A three-storey apartment block proposed for a site next to Chichester’s new multi-million pound museum has been slammed by critics – from the city council.
The new development, to be sited just yards from the cathedral, will look like a building from 1950s Russia if it goes ahead, it has been claimed.
The development is planned by the district council and aimed at offsetting some of the cost of the controversial museum, called the Novium, with all 26 flats set to be sold on the open market.
A renewal of planning consent which the district granted in 2009 is being sought, but it ran into fierce opposition last week at a meeting of the city council’s planning and conservation committee, which is calling for it to be thrown out. A final decision will be made by the district itself.
The committee, which also objected to the original application, maintained that because of its bulk, height and site coverage, the block would be an overdevelopment of the street scene.
It said the design was below the standard required for this important site at The Woolstaplers, and the facade would be ‘bland and uninteresting’.
It was also accused of being seriously detrimental to the character of the city conservation area.
Cllr Richard Plowman said: “If you went behind the Iron Curtain in the 1950s, you would have found very similar buildings being constructed.
“It is very poor in terms of architectural features – it is very tall and bulky.”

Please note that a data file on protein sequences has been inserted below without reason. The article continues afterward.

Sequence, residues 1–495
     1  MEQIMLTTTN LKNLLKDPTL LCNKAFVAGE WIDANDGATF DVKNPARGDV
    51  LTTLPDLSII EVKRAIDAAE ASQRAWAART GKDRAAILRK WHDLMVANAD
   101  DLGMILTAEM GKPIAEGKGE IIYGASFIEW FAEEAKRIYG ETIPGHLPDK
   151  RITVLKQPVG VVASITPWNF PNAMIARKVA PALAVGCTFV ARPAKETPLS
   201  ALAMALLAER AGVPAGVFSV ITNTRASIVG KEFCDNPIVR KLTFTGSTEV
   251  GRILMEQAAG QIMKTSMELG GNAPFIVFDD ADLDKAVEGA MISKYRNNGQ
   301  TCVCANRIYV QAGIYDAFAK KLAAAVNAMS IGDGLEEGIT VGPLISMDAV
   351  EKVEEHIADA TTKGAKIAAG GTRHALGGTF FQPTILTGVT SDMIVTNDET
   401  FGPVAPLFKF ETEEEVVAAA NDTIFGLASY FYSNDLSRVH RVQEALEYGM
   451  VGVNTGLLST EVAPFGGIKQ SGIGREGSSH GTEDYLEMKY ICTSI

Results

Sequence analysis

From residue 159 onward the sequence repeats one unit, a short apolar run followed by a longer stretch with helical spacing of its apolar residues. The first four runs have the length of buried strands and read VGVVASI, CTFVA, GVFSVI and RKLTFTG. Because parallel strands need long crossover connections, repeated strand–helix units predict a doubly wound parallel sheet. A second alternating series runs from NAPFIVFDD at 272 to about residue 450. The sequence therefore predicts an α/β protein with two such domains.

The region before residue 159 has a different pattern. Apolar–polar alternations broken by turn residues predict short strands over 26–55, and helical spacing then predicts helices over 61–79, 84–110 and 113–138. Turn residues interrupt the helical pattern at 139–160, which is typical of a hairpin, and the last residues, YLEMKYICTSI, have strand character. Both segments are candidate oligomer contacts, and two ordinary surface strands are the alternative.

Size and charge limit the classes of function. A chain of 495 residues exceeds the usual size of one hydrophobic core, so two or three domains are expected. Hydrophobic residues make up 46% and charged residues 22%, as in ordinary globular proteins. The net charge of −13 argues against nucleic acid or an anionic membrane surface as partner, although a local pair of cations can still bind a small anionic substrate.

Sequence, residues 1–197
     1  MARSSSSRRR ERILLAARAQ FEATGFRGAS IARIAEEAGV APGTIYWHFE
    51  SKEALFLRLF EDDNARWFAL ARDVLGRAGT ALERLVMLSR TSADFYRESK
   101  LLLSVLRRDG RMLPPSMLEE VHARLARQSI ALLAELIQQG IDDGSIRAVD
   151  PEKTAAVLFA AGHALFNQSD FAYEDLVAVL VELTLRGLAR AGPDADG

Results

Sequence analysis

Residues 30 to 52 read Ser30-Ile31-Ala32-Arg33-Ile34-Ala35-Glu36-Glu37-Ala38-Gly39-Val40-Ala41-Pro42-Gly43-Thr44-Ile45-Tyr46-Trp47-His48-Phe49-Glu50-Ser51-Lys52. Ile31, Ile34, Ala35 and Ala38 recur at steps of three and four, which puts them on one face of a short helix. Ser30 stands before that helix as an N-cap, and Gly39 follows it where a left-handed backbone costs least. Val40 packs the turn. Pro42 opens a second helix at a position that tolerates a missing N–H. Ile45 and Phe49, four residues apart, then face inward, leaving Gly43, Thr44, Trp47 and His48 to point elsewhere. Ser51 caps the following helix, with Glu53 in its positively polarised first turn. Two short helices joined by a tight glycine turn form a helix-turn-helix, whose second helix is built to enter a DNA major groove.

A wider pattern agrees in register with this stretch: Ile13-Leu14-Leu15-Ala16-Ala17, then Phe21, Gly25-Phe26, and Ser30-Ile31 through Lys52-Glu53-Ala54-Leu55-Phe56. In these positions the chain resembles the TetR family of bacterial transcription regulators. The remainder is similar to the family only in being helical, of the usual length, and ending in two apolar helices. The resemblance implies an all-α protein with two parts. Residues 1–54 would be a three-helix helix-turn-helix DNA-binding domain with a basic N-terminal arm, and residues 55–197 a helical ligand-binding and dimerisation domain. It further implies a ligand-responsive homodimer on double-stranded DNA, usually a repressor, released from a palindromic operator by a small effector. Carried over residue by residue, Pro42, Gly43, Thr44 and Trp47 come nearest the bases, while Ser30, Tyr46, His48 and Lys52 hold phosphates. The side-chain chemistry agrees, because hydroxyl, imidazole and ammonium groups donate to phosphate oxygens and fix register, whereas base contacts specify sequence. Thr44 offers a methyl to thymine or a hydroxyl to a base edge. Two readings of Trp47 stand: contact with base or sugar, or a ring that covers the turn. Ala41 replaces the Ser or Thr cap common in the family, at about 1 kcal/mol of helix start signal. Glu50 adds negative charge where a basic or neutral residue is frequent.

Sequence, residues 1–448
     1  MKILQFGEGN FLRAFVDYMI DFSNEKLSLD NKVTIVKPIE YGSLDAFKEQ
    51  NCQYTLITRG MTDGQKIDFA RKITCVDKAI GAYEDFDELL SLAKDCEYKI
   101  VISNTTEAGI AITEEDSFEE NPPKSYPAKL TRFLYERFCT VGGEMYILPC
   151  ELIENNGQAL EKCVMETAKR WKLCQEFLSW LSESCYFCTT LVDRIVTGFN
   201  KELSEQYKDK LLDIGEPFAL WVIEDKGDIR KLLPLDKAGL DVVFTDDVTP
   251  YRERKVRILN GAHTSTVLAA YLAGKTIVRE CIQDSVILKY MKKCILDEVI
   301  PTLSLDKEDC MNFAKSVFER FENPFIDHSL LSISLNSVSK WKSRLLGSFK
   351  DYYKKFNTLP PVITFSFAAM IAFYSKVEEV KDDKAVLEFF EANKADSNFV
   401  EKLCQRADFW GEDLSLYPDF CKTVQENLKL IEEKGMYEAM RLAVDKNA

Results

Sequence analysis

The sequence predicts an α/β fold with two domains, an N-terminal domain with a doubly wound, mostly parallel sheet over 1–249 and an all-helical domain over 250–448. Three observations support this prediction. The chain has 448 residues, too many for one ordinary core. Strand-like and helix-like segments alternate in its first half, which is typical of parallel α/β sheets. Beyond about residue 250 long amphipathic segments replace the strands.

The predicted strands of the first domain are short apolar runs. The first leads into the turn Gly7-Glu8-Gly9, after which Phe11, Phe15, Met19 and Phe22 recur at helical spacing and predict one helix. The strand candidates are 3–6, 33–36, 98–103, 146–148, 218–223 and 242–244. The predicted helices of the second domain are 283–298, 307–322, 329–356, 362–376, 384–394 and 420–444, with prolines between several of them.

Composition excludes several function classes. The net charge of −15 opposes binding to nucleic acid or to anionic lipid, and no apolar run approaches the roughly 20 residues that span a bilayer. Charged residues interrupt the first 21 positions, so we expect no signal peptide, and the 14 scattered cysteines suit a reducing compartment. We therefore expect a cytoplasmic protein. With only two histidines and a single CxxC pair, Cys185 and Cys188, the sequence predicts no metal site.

He said he felt sorry for people living in the area if they were going to have this block as well as the new museum as their neighbours.
“This will be a very poor advertisement for Chichester,” he declared. “It is bland, and lacks character.”
But Cllr Pam Dignum strongly supported the proposals. She said she liked the design, and felt the building would be an asset to the city.
“This is not really part of the conservation area, it is an exciting new part of the 21st century and we must go for something 21st-century,” she argued, adding she personally found it to be a handsome building.
Cllr Plowman responded this was not 21st-century but 20th-century architecture of the worst type.
It was typical of buildings which ruined city centres in the 1960s.
Cllr Peter Budge said the proposed development reminded him of the nearby telephone exchange, and he agreed that was a horrible building as well.